Sponge boat owners who are allowed to keep their boats at a city dock for free may have to take more frequent sponging trips.
The city could start enforcing an agreement this week with the 10 or so boat owners who use the city dock across the street from the Sponge Exchange, said Juan Cruz, public services director for the city.
Each of the owners has signed an agreement promising to take regular sponging trips, display the sponges for tourists and participate in auctions at the Sponge Docks in order to dock for free, Cruz said.
Some of the boat owners have not held up their end of the agreement, he said. He plans to meet Thursday with the owners and with Sponge Associates of Florida, a newly formed organization designed to promote sponging.
"They have to comply to dock there free," Cruz said. "It's really that simple."
In the mid 1990s, sponge boats were charged $720 a year to stay at the city dock. The fee was later dropped and the boats were allowed to stay as long as owners agreed to take regular trips and display the sponges before tourists.
If they are deemed not in compliance with the agreement, boat owners could be fined or their boats could be removed, according to city ordinances.
Cruz did not name any boats that have not been in compliance. He said boats would not comply with the agreement if they were deemed not to be in working condition, if they didn't take regular sponging trips and if they did not display the sponges for tourists.
"In the past, there have been people that have been in violation and the action was not taken," Cruz said. "I don't want to have selective enforcement. When I start enforcing it, I will enforce it fairly."
George Billiris, whose boat St. Nicholas III docks for free, said the agreement shouldn't be enforced immediately because there simply aren't enough workers to go on the sponge boats. The boat owners shouldn't be punished because of a shortage of workers, said Billiris, a sponge merchant.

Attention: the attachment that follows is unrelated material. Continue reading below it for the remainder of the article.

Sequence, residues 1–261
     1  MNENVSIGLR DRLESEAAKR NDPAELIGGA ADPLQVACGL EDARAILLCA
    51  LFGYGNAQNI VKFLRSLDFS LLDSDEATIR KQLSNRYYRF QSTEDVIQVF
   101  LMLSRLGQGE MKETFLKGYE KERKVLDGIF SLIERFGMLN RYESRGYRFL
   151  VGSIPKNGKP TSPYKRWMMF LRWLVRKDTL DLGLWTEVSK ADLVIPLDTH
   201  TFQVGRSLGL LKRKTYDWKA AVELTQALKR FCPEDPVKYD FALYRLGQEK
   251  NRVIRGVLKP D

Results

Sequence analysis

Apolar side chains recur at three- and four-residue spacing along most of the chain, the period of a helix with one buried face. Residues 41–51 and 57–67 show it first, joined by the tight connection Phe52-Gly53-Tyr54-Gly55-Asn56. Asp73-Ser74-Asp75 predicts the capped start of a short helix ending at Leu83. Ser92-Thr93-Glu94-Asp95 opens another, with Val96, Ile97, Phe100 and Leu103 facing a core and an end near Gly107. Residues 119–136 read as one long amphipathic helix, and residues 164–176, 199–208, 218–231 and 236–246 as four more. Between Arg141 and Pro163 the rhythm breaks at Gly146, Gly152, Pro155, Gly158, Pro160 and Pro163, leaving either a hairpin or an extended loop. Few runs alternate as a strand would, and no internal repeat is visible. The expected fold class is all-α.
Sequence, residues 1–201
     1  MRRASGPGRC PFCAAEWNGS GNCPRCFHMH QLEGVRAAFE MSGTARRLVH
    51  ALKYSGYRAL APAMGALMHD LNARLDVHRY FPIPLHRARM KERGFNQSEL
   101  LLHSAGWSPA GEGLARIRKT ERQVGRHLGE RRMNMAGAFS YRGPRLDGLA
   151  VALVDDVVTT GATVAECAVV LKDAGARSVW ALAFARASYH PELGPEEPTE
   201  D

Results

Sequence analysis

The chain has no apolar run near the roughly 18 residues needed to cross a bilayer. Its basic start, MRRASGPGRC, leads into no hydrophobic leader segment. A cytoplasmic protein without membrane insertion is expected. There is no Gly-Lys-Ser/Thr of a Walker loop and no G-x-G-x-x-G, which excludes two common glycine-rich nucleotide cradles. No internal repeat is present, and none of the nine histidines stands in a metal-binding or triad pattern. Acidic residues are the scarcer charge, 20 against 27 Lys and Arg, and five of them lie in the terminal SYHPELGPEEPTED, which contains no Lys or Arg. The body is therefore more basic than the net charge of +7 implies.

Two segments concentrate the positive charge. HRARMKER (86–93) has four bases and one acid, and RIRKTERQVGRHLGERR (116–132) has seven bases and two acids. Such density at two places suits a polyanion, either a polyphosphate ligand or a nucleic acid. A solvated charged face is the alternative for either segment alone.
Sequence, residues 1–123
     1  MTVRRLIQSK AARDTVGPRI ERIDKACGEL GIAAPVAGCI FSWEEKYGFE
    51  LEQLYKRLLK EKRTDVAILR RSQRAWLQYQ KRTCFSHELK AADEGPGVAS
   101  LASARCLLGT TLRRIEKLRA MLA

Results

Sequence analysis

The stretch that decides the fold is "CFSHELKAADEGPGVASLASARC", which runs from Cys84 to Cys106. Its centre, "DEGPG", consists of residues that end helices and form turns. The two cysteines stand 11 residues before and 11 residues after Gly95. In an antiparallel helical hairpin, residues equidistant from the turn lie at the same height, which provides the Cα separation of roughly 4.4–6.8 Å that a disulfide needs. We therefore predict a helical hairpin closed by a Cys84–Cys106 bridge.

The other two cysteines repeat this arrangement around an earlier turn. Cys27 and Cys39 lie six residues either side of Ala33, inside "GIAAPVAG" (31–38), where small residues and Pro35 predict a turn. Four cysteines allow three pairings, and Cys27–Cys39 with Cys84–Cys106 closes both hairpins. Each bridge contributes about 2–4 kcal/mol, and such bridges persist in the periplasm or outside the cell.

"This is an ordinance that hasn't been complied with because of the lack of people," he said. "The industry has been troubled for the lack of manpower."
The city should wait until the newly formed Sponge Associates of Florida brings over sponge divers from Greece, he said. With the help of a state grant, the city is working on bringing skilled divers from Greece. The divers will work on the boats and train local people in the trade.
The divers could arrive within the next few months, Billiris said.
In the meantime, he said, the city should not be too quick to punish the boats that aren't working.
"Don't pull the rug out from under us," said Billiris, who is married to Tarpon Springs City Commissioner Beverley Billiris.
Cruz said he could begin enforcing the agreement as soon as Friday. But he added that the Sponge Associates and the boat owners may present information Thursday that would delay the start of the enforcement.
If they say they will begin taking regular trips when the divers from Greece come to Tarpon Springs, for instance, Cruz said he might ask the city manager and city commissioners to let him delay the start of the enforcement.
_ Staff writer Katherine Gazella can be reached at (727) 445-4182.